Adversarial Self-Supervised Contrastive LearningAdversarial Self-Supervised Contrastive LearningKim, Minseon and Tack, Jihoon and Hwang, Sung Ju2020
Paper summarydecodyngThis a nice, compact paper testing a straightforward idea: can we use the contrastive loss structure so widespread in unsupervised learning as a framework for generating and training against adversarial examples? In the context of the adversarial examples literature, adversarial training - or, training against examples that were adversarially generated so as to minimize the loss of the model you're training - is the primary strategy used to train robust models (robust here in the sense of not being susceptible to said adversarial attacks). Typically, these attacks are generated with the use of class labels, since they are meant to attack supervised classifiers that assign a class label to an image. Therefore, the goal of the adversarial attack is to push down the probability of the correct class label (either in favor of a specific alternate class, or just in favor of any class that isn't the true one).
However, labels are hard and expensive, so, one wonders: in the same way that you can learn representations from unlabeled data, can you also make those representations (otherwise referred to as "embeddings") robust in a similarly label-free way. This paper tests an approach that does so in a quite simple way, by just generating adversarial examples against your contrastive loss target. This works by:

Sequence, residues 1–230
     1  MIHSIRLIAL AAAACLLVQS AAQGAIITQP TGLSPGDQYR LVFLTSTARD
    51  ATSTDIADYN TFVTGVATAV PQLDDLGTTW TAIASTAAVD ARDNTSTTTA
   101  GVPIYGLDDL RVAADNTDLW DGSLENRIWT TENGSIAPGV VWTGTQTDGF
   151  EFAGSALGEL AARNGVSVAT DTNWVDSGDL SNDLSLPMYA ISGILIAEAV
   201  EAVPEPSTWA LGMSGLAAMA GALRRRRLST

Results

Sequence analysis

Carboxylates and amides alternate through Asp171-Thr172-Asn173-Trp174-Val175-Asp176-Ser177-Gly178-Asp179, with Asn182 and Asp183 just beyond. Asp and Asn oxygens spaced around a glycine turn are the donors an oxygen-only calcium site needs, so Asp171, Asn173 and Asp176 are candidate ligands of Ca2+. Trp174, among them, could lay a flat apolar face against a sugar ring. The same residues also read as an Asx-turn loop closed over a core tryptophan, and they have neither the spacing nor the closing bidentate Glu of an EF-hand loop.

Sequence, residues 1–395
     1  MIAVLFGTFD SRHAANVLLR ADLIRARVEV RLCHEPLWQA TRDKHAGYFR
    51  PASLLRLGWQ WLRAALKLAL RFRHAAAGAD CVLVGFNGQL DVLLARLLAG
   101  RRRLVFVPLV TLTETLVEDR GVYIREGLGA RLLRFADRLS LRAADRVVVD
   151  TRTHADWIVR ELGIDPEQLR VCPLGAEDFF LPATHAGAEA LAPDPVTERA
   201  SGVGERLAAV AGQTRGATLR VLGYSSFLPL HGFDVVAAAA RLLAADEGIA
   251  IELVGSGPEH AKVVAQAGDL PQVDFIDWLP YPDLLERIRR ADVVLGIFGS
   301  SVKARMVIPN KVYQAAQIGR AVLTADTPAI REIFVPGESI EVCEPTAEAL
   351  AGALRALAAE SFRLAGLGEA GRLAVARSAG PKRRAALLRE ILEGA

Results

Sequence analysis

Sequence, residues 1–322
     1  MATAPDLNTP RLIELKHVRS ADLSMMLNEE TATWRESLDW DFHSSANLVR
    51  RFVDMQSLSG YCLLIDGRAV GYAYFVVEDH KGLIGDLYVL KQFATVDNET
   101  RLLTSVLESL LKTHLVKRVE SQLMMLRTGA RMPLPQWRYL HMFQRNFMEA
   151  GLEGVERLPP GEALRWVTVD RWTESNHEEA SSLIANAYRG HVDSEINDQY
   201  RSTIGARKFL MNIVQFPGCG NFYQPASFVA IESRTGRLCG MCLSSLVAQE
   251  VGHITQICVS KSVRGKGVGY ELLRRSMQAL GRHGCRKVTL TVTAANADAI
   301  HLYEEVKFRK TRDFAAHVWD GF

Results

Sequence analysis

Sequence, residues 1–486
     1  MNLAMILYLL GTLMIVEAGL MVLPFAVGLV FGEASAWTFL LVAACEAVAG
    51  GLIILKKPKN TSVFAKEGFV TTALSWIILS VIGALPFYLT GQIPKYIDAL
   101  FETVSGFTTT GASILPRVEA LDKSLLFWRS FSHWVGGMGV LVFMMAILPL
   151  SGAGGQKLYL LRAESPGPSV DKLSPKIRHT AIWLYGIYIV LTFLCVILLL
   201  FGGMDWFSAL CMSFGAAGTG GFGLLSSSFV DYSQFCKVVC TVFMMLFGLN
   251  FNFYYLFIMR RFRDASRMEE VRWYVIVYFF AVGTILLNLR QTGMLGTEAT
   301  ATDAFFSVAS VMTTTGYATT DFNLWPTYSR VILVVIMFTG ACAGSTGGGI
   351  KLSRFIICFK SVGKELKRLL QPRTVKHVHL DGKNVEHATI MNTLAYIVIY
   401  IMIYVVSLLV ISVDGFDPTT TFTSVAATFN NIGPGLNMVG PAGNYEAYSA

1) Taking an image, and generating two augmentations (or transformations) of it. This is part of the standard contrastive pipeline
2) Applying an adversarial perturbation to one of those transformations, where the perturbation is optimized to maximize the contrastive loss (ability to differentiate an augmented version of the same image from augmented versions of other images)
3) Training on that adversarial sample to generate more robustness
And this simple approach appears to work quite well! They find that, in defending against supervised adversarial attacks, it performs comparably to supervised adversarial training, and that it has the added benefits of (1) slightly higher accuracy on clean examples (in general, robustness is known to decrease your clean-sample accuracy), and (2) better robustness against attack types other than the attack type used for the adversarial training. It also achieves better transfer performance (that is, adversarially training on one dataset, and then evaluating robustness on another) than a supervised method, when evaluated on both CIFAR10 → CIFAR100 and CIFAR100 → CIFAR10. This does make pretty good sense to me, since instance-level stability does seem like it's getting at a more fundamental set of invariances that to would transfer better to different distributions of classes.